Here's how a meeting spurred Seahawks' defense to its best performance of year in win over Arizona

The Seattle Seahawks’ defense had a powerful get-together Wednesday night that helped fuel the struggling unit to its most dominant performance of the season in Thursday night’s victory over the Arizona Cardinals.

“It was one of the most remarkable defensive meetings I’ve ever been in,” Carroll said Friday on 710 ESPN Seattle. “I said something to the whole team, ‘something just happened here.’ We’ve kind of evolved to a point to where now we can go play… It’s really exciting because it’s been a long haul and the guys have had to go through a lot of crap to get there."

“It’s a big step for us. I know everybody is excited to hear that. I certainly am, too.”

According to Carroll, the accountability meeting was arranged by defensive coordinator Ken Norton Jr., who’s received his share of criticism this season with the performance of the defense.

Instead of the coaches saying what needs to happen in this meeting, Carroll said it was the players who took the lead. One after another, every single defensive player went over their individual responsibilities in the schemes and base calls, and who they’re supposed to be communicating with. No one was silent. Everyone was actively involved. It showed Carroll that his players had a true grasp of their roles -- and that they were willing to go do it.

The group carried the momentum from that meeting into Thursday’s critical NFC West victory, which lifted the Seahawks (7-3) back to first place in the division.

“This wasn’t the first time these guys talked or nothing. It’s just the best I’ve ever seen,” Carroll told reporters Friday. “I’ve never seen a better meeting for guys holding themselves accountable and really illustrating how well they have a command of what we’re doing.”

Everything that has plagued Seattle’s defense for most of the season — poor execution, bad communication, lacking discipline, mental lapses in coverage, and unimaginative play calling — was largely nonexistent on Thursday, save a couple costly penalties.

Seattle Seahawks head coach Pete Carroll celebrates after a touchdown during the first half an NFL football game against the New England Patriots, Sunday, Sept. 20, 2020, in Seattle. The Seahawks won 35-30. (AP Photo/Stephen Brashear)
Seattle Seahawks head coach Pete Carroll celebrates after a touchdown during the first half an NFL football game against the New England Patriots, Sunday, Sept. 20, 2020, in Seattle. The Seahawks won 35-30. (AP Photo/Stephen Brashear)Stephen Brashear/Associated Press

The unit crippled the production of Cardinals star quarterback Kyler Murray and one of the NFL’s most electrifying offenses. The defense corralled the elusive Murray in open space and the four-man rush had its most success all season, led by efforts from midseason acquisition Carlos Dunlap — who had the game-clinching sack — and 2019 first-round pick L.J. Collier — who had a sack and forced a safety for the best game of his career. The play of the secondary was strong, too. Seattle allowed season lows in points and yards against Arizona, and forced a season high three and outs.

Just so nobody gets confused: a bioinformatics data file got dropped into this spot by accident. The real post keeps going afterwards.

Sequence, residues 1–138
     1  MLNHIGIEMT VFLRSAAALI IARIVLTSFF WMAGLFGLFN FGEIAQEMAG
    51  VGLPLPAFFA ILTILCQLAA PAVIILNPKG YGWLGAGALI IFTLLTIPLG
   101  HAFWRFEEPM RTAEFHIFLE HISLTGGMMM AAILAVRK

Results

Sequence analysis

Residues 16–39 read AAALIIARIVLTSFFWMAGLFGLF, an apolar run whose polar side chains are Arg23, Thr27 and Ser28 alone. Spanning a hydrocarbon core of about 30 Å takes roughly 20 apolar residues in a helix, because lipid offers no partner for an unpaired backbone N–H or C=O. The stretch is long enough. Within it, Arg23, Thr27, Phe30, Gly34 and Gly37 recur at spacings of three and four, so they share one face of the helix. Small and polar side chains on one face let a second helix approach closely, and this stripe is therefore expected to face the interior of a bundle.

It carried into the game bright spots from the second half against the Rams last week, when it allowed just seven points in the last 30 minutes and forced three consecutive punts.

“It doesn’t mean anything until we come back out there and play again,” Carroll said of the defense in Thursday’s win. “It was just clear (in Wednesday's meeting). I was glad that I was there to hear it, to capture it, to make sure they realized what had just happened. Because it was a big statement of everybody knowing exactly what they need to do. And also that they’re willing to go do it and how they’re going to do it. All of that is such important stuff.”

For the longest time this season, amid struggles for the defense, Carroll reiterated that the defense was "coming;" that as the continuity comes together with players getting healthy and the new guys getting more acclimated, the unit would finally play better. The lack of interaction together is the reason why this accountability meeting took so long to happen, according to Carroll.

But now, the health has been improving and the newer pieces are getting more comfortable — just as Carroll is running out of time to make that excuse.

“I can’t keep telling you, ‘ok, soon we’re going to be feeling like we've played together and we need more time.’ I can’t say that any more,” Carroll said. “We've made it to that point and we really need to play good football. There’s no reason why we shouldn't.

“I know Carlos (Dunlap) is situated now. Jamal (Adams) is playing with one arm. Next week, when he comes back in this next game, he’s going to be a lot healthier. He’s going to be much better than he’s been. And he too is gaining a command of what he’s supposed to be doing. There’s a lot of stuff he does in our defense and a lot of critical stuff. He’s played much smarter football, much more consistent. He’s going to be terrific here as we go down the next couple games.”

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